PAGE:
Bread Baker: Buttermilk Sandwich Bread

First, read my brief inspirational post about why you shouldn’t be afraid of baking your own bread. A couple of the breads I bake regularly take up 24 hours of elapsed time, but I wanted to start things off easier. Begin baking this bread in the morning and you’ll have a fresh loaf for lunch. I had always wanted to try a simple white sandwich loaf but didn’t have an excuse to bake one, until now. This really is a tremendous bread – probably the best white bread I’ve ever had.

This recipe is largely adapted from a King Arthur Flour recipe – with one key change.


  • 3 cups (12 3/4 ounces) unbleached all-purpose flour
  • 1/2 cup buttermilk (this is the key change. The KAF recipe calls for “regular” milk, but using buttermilk adds more flavor to the loaf from the traditional buttermilk tang.)
  • 1/2 cup hot water
  • 4 tablespoons (1/2 stick) melted butter
  • 2 tablespoons sugar
  • 11/4 teaspoons salt
  • 2 teaspoons instant yeast or 1 package active dry yeast, mixed and foamed with 1 tablespoon water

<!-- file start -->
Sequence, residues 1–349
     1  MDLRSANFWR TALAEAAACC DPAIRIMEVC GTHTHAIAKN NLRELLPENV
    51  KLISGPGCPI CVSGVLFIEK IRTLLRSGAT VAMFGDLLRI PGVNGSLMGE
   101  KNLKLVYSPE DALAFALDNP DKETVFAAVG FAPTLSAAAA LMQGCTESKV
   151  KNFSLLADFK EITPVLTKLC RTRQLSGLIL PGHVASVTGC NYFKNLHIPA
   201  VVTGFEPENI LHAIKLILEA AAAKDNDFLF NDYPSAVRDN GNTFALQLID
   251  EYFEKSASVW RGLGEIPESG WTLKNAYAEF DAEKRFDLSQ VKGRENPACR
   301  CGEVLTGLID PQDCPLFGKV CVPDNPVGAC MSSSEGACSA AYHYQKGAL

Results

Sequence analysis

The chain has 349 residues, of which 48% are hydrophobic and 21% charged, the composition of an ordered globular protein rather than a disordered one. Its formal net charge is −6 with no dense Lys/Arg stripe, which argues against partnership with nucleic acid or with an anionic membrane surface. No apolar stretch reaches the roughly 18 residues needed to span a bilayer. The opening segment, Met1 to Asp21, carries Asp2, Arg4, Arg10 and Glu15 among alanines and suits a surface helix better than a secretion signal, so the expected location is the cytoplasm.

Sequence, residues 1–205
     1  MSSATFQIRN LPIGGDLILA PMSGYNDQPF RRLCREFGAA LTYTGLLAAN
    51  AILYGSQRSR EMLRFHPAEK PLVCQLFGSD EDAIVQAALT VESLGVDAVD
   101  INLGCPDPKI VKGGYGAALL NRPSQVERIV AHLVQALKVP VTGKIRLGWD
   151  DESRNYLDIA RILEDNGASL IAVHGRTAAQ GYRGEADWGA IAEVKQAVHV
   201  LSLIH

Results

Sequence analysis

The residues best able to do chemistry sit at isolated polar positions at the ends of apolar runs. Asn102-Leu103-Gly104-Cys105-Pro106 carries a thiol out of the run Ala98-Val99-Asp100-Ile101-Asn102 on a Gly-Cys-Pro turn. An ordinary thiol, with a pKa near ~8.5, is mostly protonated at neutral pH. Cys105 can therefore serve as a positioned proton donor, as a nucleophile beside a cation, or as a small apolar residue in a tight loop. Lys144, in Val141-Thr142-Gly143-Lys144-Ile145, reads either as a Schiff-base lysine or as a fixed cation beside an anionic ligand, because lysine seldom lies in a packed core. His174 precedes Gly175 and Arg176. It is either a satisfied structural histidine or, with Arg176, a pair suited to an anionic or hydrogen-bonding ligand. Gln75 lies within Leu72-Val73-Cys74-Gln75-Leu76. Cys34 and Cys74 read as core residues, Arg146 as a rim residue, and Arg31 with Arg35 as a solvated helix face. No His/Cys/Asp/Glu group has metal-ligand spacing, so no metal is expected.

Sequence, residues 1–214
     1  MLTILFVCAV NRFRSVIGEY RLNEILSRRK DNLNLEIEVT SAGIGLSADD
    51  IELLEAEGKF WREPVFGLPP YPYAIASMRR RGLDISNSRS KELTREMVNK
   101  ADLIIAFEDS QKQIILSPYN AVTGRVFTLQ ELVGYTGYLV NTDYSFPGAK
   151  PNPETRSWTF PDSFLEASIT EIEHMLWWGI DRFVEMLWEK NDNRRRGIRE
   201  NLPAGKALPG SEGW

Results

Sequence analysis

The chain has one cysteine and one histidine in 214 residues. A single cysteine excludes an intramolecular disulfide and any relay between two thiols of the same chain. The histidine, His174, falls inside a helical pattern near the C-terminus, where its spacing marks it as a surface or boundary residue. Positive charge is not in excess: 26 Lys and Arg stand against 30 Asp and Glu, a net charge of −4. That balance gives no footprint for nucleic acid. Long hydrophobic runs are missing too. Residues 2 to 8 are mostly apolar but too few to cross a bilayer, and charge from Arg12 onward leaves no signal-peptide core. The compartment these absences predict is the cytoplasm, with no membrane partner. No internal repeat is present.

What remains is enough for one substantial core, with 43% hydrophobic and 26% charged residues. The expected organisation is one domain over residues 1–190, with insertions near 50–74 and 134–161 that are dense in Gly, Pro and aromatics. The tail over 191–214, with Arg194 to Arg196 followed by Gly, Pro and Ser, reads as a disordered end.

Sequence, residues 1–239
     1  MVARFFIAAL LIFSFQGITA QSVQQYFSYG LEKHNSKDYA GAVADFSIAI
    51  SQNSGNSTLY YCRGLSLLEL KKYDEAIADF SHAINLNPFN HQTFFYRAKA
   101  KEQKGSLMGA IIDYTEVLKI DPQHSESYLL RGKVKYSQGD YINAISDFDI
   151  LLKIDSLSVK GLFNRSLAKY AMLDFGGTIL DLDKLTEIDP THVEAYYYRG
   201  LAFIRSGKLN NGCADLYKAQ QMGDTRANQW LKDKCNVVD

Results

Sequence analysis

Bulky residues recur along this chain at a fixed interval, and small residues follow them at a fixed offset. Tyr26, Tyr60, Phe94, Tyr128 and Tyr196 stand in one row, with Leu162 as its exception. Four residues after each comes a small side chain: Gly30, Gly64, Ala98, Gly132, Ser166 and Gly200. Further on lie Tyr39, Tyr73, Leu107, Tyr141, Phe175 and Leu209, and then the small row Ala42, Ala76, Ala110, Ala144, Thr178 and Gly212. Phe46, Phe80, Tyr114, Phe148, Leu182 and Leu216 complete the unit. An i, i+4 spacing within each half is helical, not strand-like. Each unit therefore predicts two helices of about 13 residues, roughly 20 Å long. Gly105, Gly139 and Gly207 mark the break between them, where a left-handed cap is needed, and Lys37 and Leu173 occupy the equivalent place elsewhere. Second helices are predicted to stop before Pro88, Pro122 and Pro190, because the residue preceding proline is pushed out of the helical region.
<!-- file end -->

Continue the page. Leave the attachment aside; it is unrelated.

Note how the dough is stretchy, and doesn't drop from the dough hook mixer easily.

Step 1.
Combine and mix all ingredients together, then knead with electric mixer for 7 minutes, or by hand for a couple minutes more. The dough will be ready when it is smooth and stretchy, and doesn’t tear easily.

Step 2. Shape dough into ball; let sit in covered, lightly greased bowl for 1 hour.

Before ...

Step 3. Dump dough out onto lightly greased surface (I use a cookie sheet). Stretch out, then fold in thirds and shape into log. Place into loaf pan. (Note: The KAF recipe calls for a 81/2×41/2-inch loaf pan, which I don’t have. For a long time I’ve been using 10×5-inch loaf pans, which are really a little to big for most baking projects. If you’re going to buy new pans, opt for 9×5-inch. This is a wide-enough size for sandwiches, yet a bit shorter so breads are taller.) Cover with lightly greased plastic wrap.


Just 90 minutes later! My favorite step of the baking process. The risen dough would have completely filled a smaller loaf pan.

Step 4. Let dough rise 90 minutes, or until dough has crested above the pan’s edge (with a small 81/2×41/2 pan, the dough will be at least 1 inch over). During last 30 minutes of rising, preheat oven to 350 degrees F.


Step 5. Bake bread for 35 minutes, until crust is golden brown. The bread’s interior temperature should be 190 degrees F. Remove from loaf pan and cool for at least 45 minutes.

  • Krister

    Sounds great. I’m really a no knead bread maker myself, but I’ll give this a try.

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